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Reducing Low Birth Weight Through Home Visitation: A Randomized Controlled Trial

Lee, Eunju; Mitchell-Herzfeld, Susan D.; Lowenfels, Ann A.; Greene, Rose; Dorabawila, Vajeera; DuMont, Kimberly A.

Obstetrical & Gynecological Survey: June 2009 - Volume 64 - Issue 6 - p 355-356
doi: 10.1097/OGX.0b013e3181a5e187
Obstetrics: Preconception and Prenatal Care

The risk of preterm and low birth weight (LBW) babies is increased in pregnant women who are young, black, and poor, or who have other socioeconomic disadvantages. Early mortality, health problems, and developmental delays are more likely in such babies than in full-term babies. In several studies, improved birth outcomes were achieved with programs providing teenage or low-income mothers access to services and case management. Home visitation is one such program that reduced the frequency of LBW in 2 randomized controlled trials. This study assessed the effectiveness of a prenatal home-visitation program, Healthy Families New York (HFNY), in reducing the incidence of LBW deliveries and other adverse outcomes in socially disadvantaged pregnant women and adolescents. This study was part of a larger randomized controlled trial. Expectant and new mothers eligible for HFNY at 3 sites were randomly assigned to an intervention group (n = 236) or a control group (n = 265). The intervention group was offered biweekly HFNY home-visits, which focused on providing prenatal social support, health education, and linking the mother to medical and other community services. The control group received information and referrals to services other than home visitation. Eligibility criteria were based on socioeconomic factors such as poverty, teen pregnancy, not being married, and the risk of child maltreatment. Nearly half of the participants were black and about one-fourth were Hispanic; 90% were unmarried. The gestational age at randomization was ≤30 weeks. To determine whether enrollment at an earlier gestational age would improve outcomes, subgroup analyses were conducted by gestational age at randomization of ≤24 weeks or ≤16 weeks. The primary study outcome was a delivery weight of <2500 g.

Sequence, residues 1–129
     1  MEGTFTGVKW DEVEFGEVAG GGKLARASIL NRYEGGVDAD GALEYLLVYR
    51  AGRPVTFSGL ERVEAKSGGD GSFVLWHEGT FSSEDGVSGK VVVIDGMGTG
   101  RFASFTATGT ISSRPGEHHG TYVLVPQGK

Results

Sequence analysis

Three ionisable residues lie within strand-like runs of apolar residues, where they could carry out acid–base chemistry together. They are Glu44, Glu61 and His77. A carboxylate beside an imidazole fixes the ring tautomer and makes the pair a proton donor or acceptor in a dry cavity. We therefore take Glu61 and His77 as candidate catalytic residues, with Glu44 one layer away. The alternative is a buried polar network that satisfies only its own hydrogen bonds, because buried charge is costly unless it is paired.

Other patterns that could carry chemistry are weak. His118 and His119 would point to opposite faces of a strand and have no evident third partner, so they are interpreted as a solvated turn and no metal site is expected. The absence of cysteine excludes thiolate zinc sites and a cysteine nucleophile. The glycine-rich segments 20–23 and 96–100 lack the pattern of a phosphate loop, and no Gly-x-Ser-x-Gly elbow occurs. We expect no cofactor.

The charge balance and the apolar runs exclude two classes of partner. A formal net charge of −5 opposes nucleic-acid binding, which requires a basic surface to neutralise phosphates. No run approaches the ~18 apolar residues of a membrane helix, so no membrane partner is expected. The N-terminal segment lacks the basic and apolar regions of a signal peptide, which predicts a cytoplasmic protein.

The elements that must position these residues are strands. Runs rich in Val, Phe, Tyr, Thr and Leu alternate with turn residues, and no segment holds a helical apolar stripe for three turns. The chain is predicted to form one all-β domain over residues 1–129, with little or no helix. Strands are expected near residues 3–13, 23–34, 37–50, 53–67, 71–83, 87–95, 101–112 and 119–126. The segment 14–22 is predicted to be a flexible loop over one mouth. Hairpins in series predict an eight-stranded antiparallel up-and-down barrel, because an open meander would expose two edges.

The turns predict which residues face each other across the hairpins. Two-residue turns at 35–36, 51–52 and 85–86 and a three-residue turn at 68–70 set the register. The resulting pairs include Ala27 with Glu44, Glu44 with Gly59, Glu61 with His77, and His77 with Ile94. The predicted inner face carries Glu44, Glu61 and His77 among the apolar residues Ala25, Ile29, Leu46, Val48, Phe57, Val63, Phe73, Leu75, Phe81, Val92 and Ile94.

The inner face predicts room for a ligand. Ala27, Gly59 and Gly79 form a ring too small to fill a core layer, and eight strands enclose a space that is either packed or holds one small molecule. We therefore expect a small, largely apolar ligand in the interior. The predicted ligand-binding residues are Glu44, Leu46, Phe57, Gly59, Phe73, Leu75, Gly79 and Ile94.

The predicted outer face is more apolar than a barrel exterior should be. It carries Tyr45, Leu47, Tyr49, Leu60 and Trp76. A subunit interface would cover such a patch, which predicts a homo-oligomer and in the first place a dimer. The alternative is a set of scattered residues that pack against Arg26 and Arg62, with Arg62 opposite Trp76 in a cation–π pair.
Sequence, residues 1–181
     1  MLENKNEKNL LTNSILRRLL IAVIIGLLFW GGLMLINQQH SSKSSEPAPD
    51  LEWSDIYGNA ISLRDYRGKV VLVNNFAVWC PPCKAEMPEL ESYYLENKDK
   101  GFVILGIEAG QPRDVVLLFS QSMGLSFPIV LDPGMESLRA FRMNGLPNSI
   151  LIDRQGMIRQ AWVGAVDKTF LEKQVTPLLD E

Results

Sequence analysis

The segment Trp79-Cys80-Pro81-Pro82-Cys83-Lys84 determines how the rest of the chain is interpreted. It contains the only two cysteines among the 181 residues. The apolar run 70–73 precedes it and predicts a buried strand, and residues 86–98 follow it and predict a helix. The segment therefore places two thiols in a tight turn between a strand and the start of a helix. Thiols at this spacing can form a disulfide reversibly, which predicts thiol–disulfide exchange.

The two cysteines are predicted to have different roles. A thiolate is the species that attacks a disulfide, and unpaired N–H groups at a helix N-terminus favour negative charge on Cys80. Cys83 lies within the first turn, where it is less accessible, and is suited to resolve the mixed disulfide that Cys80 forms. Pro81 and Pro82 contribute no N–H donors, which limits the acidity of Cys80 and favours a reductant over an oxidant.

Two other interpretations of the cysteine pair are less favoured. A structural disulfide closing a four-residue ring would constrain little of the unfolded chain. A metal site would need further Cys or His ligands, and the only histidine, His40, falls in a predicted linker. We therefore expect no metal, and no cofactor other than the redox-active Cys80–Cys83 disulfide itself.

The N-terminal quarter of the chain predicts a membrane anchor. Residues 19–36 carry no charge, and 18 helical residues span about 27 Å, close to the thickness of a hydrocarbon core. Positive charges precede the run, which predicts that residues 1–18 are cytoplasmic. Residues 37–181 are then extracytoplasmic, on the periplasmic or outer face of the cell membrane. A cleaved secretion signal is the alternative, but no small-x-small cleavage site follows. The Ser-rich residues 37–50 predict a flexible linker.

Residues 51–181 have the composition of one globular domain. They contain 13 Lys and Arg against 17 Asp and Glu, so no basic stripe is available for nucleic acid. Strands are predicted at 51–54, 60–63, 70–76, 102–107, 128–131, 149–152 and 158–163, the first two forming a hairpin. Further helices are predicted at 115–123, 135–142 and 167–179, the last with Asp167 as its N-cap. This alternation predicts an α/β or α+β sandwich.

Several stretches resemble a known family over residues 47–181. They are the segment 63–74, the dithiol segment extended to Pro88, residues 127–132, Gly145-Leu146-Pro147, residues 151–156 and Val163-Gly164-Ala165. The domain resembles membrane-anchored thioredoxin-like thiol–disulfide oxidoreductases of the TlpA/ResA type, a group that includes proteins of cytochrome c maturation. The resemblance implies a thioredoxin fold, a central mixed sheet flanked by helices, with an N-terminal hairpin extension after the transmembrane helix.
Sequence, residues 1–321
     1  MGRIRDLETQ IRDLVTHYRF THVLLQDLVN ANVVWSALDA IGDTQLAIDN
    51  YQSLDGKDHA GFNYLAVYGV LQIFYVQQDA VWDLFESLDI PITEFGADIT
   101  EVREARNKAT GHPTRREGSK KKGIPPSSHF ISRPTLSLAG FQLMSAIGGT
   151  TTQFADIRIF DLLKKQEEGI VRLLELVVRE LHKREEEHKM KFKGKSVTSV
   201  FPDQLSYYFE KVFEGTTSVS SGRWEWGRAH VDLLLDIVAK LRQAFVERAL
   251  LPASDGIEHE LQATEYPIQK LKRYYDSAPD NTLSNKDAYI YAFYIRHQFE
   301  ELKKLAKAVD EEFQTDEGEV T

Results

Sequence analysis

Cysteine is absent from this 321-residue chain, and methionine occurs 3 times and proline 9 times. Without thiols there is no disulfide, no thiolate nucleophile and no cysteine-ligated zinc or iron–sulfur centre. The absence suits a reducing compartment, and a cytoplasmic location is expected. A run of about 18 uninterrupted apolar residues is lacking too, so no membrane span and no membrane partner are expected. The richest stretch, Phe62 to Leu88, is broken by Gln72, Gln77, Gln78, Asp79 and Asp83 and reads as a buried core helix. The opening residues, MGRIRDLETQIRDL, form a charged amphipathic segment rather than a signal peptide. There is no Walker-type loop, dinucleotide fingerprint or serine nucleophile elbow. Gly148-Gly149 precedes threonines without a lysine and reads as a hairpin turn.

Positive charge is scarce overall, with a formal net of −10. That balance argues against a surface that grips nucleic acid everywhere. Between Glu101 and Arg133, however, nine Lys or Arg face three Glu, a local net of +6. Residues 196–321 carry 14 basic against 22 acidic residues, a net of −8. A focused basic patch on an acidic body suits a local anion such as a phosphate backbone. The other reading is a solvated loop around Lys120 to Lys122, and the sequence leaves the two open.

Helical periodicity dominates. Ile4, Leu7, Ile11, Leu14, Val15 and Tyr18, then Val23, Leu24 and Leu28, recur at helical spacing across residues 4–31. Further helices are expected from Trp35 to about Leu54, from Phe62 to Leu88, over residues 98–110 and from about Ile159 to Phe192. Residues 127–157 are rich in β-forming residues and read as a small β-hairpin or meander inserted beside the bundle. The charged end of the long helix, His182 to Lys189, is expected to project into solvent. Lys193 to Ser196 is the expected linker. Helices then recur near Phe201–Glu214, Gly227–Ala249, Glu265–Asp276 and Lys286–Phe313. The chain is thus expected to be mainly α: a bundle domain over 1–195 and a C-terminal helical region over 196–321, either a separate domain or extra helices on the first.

Mothers in the intervention group randomized at a gestational age of ≤30 weeks were significantly less likely than those in the control group to have LBW babies (5.1% vs. 9.8%). The adjusted odds ratio was 0.43, with a 95% confidence interval of 0.21 to 0.89. Enrollment in the HFNY program at a gestational age of ≤24 weeks reduced the odds for LBW even further (adjusted odds ratio, 0.32; 95% confidence interval, 0.14–0.74).

The investigators conclude from these findings that a prenatal home visitation program providing social support and other enhanced, multifaceted services holds great promise to reduce LBW deliveries among socially disadvantaged at-risk pregnant women.

Center for Human Services Research, School of Social Welfare, University at Albany, State University of New York, Albany, New York; and Bureau of Evaluation and Research, New York State Office of Children and Family Services, Albany, New York

Am J Prev Med 2009;36:154–160

© 2009 Lippincott Williams & Wilkins, Inc.